New rules proposed for high-tech visas

House bill seeks increase in immigrant workers, attaches labor safeguards

March 02, 2000|By Walter F. Roche Jr. and Gary Cohn | Walter F. Roche Jr. and Gary Cohn,SUN STAFF

WASHINGTON -- The chairman of a key congressional committee said yesterday that an increase in the number of immigration visas for high-tech workers should be contingent on the issuance of new rules to protect American workers.

Rep. Lamar Smith, chairman of the House subcommittee on immigration, said that any increase in the number of high-tech or H-1B visas should be held up until the U.S. Department of Labor issues the regulations to implement a law passed by Congress in 1998.

"The administration, for reasons that I don't know, has been dragging its feet. There is no reason [the regulations] can't be issued quickly," Smith said.

The comments came as Smith and Rep. Robert W. Goodlatte, a Virginia Republican, announced the filing of a bill to temporarily increase the number of H-1B visas from 115,000 to 160,000 for the current year. Similar bills proposing an even larger increase to 195,000 visas per year already have been introduced in the Senate.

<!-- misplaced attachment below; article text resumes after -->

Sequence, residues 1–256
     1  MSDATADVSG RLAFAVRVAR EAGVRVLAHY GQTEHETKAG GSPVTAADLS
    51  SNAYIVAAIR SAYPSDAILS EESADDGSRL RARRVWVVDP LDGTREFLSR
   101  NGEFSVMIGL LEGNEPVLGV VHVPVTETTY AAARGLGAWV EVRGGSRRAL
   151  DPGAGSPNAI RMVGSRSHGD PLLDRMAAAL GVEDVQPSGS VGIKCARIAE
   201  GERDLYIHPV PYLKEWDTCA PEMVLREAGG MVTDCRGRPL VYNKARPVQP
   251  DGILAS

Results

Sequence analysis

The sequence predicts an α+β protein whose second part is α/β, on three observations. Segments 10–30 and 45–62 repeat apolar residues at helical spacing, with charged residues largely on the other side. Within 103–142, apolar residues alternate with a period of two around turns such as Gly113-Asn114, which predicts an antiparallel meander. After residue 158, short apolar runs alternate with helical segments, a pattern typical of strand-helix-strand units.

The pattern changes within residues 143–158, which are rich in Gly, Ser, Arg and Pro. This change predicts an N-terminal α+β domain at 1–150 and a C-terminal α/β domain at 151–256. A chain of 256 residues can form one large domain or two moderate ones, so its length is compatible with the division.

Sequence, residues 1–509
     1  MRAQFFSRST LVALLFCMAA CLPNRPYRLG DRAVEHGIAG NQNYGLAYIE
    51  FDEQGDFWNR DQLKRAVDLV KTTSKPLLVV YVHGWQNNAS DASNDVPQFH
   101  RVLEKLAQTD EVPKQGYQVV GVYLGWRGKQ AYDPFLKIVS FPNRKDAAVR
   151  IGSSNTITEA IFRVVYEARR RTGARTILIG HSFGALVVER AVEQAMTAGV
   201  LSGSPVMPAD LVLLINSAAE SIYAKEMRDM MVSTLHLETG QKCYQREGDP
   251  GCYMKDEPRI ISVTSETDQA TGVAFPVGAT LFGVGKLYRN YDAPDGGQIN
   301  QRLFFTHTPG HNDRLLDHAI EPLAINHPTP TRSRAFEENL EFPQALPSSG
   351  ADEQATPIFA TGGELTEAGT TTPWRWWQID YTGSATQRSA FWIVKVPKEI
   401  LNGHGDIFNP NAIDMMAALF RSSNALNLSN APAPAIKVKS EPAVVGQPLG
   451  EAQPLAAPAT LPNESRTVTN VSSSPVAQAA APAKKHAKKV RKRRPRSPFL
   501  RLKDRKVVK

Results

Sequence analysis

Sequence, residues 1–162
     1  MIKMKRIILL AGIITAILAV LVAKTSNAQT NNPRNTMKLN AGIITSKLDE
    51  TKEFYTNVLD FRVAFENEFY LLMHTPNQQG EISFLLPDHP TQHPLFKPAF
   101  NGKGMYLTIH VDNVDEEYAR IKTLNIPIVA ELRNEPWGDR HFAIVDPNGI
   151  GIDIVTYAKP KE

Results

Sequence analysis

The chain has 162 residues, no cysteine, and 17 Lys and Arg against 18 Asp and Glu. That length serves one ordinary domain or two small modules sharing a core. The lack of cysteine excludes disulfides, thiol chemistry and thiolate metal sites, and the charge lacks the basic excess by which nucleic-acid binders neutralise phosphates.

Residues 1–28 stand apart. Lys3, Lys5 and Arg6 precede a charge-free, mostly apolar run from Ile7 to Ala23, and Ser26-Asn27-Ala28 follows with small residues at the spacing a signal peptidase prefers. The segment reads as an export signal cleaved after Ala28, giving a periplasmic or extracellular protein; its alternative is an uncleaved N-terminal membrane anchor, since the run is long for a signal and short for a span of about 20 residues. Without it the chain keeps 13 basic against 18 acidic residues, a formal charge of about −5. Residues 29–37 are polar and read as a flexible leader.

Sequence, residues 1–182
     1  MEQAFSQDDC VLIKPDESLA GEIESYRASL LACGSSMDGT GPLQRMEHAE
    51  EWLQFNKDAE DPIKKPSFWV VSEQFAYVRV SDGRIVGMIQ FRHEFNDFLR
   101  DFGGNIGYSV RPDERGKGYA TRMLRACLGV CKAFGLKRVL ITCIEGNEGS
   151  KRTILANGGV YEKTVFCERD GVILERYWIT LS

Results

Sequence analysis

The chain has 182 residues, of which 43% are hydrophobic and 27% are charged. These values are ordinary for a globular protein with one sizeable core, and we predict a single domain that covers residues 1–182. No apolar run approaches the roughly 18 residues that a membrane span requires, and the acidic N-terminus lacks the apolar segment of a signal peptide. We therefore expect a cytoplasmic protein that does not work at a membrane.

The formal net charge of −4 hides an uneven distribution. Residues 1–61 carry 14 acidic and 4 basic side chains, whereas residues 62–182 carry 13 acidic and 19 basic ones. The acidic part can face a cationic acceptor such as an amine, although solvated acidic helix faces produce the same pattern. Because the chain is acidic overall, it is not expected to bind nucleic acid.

Contending there are thousands of jobs going unfilled due to a critical shortage of workers, the high-tech industry has been pushing hard to increase the number of such visas, and the president of an industry trade association said yesterday that Smith's bill was a step in the right direction.

"It's a good news, bad news story for industry," said Harris Miller, head of the Information Technology Association of America. "The good news is that Chairman Smith who has been skeptical in the past of the need for any increase in H-1B visas has now acknowledged that there is a legitimate problem and an increase is warranted. The bad news is that a lot of the specifics in the bill are unacceptable to business as they are."

Among other things, Miller said that the proposed increase in H-1B visas is not high enough to adequately deal with a shortage of high-tech workers in the United States. The information technology industry generally supports the Senate bill introduced last month that would increase the cap to 195,000 a year through 2002.

The Sun reported last week that there was widespread evidence of fraud and abuse in the H-1B visa program and that regulations to tighten control of the program had not been issued.

Smith said his bill is designed to "stop the abuses of job shops and sweat shops." Under those regulations, companies that use a high percentage of H-1B visas will be subject to increased scrutiny and will be required to show that they first tried to recruit American workers to fill any positions.

The Texas Republican said his bill also would include a provision to have the U.S. State Department, rather than the Immigration and Naturalization Service, keep tabs on the number of H-1Bs issued every year.

"We saw already that INS wasn't even able to count the number of H-1Bs they issued," said Smith, referring to a miscount last year in which some 15,000 extra H-1B visas were issued. INS officials blame the miscount on a computer error.

An INS spokeswoman said the agency would have no comment on the Smith bill.

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